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Infante hit in face, tested for possible broken jaw

Struck by Bell pitch, Royals infielder also being checked for concussion

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Infante hit in face, tested for possible broken jaw play video for Infante hit in face, tested for possible broken jaw

KANSAS CITY -- Royals second baseman Omar Infante was undergoing tests to determine if his jaw was broken or if he had a concussion after being hit with a pitch in Monday night's 4-2 win over the Rays.

Infante was struck in the jaw by 2-2 pitch from Tampa Bay right-hander Heath Bell as he led off the bottom of the seventh inning. He walked away from the plate and was attended to by Royals head athletic trainer Nick Kenney, then left through the dugout. He was replaced by Danny Valencia.

"They put a number of stitches in there to close the cut and they're going to go scan it to see if his jaw's fractured. But we'll know more later," Royals manager Ned Yost said.

Infante also will undergo a battery of tests to determine if he sustained a concussion.

"He got the cut but he's got some real soreness up here [right side of head] and that's from the jaw getting smoked on the [left] side. Yeah, we're worried about a concussion, too," Yost said.

Yost described the effect as like taking a punch in the jaw.

"He was bleeding tremendously from the cut and I didn't know until they had taken him upstairs that he got hit on the jaw," Yost said. "I thought he got hit in the face somewhere. I had no idea because when we got there they had the towel and there was blood all down his shirt."

Bell appeared to be upset in the Rays' clubhouse after the game.

"My prayers go out to him. I went and asked the umpire how bad did I get him, what did he see. He said it got him on the chin pretty good. I was just happy it wasn't the eye. I've played against Omar for 10 or 15 years. I hope he has a speedy recovery," Bell said.

"I was trying to throw a sinker and just let it run and it ran too much and just didn't finish it. It went up and in. ... I feel really bad. I know he feels bad, but I feel worse."

Bell said he considered Infante a friend.

"You never want to hit anybody like that. Especially a good friend," Bell said. "Before the game I was saying 'Hi' to him."

Infante's partner at shortstop, Alcides Escobar, initially wasn't sure where the ball struck him.

"I was really scared because I thought the ball hit him on the head and the eyes, but it hit him right on the chin," Escobar said.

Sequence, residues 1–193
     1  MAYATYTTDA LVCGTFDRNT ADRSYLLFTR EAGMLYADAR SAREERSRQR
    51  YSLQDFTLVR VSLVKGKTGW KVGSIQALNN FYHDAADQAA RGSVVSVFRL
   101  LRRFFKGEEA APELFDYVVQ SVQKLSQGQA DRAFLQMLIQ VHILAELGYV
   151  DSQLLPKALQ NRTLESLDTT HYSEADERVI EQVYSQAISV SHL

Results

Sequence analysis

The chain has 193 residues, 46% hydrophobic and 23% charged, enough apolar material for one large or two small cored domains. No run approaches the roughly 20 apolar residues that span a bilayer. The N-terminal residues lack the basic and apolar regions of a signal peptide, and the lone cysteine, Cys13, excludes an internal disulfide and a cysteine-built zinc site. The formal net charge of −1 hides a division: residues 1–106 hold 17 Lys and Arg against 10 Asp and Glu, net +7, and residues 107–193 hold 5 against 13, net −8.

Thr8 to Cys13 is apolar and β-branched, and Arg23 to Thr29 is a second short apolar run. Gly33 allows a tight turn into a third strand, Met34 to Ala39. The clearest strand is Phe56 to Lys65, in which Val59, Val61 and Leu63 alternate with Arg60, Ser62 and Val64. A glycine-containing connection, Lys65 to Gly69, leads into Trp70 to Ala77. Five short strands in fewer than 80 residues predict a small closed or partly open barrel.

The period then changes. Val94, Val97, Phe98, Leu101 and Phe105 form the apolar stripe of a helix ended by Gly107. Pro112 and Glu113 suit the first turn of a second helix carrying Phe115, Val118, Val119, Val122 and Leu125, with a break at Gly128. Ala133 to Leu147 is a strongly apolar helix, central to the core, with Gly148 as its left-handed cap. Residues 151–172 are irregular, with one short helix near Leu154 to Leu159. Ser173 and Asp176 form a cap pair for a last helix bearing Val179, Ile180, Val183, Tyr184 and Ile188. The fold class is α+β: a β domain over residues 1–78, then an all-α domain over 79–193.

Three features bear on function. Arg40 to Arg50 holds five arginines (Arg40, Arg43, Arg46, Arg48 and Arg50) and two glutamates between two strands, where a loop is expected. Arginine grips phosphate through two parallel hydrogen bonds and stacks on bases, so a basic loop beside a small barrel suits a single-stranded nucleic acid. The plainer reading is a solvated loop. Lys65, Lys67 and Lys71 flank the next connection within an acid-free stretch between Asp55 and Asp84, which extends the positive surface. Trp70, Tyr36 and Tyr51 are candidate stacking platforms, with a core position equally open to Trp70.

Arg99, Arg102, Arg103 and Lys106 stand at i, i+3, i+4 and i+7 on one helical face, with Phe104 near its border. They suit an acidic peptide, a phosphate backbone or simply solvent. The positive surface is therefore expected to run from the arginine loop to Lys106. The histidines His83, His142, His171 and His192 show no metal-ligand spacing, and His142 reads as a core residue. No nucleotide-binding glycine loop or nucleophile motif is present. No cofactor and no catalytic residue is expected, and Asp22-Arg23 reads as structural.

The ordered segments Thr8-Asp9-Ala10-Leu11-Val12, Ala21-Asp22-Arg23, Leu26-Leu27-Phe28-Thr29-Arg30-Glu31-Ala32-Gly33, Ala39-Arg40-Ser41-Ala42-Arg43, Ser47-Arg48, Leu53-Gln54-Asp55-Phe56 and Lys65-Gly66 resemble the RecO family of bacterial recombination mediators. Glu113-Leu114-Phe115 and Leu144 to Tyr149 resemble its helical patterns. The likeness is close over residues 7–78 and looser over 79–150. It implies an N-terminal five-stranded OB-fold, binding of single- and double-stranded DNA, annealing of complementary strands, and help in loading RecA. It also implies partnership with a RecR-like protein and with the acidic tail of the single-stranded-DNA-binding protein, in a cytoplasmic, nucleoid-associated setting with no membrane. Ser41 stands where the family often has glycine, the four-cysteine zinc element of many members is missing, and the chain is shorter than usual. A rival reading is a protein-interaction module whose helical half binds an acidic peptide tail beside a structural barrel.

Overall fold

Yost was also shaken by the incident.

"It was kind of a cool night and I noticed I broke out in a sweat real quick," Yost said. "So it definitely affected me. We all felt better when we found out it was in the chin area instead of in the eye or in the nose. That gave us all a bit of a sense of relief, that it wasn't as serious as it could have been. But it shakes you for sure because it's a very ugly sound to see somebody get hit in the face."

The Royals made no immediate decisions about any roster move that might be prompted by the injury. They have experienced second basemen available at Triple-A Omaha in Johnny Giavotella, Jason Donald and Christian Colon.

"I'm not going to make any decisions until we find out exactly what's going on with Omar and then we'll move forward from there," Yost said.

Depending on the extent of his injuries, it's possible that Infante would go onto the 15-day disabled list.

Yost expressed doubt that he'd reduce his bullpen staff from the present 12 to 11 in order to accommodate another infielder on the 25-man roster. He opened the season with 11 pitchers and that proved unsatisfactory.

"When you start using guys on multiple back-to-back days, day off, back-to-back days, you're going to implode your bullpen in no time. That 12th guy is a big guy to pick up all that slack. So going short again is a bit dangerous," he said.

Dick Kaegel is a reporter for MLB.com. This story was not subject to the approval of Major League Baseball or its clubs.

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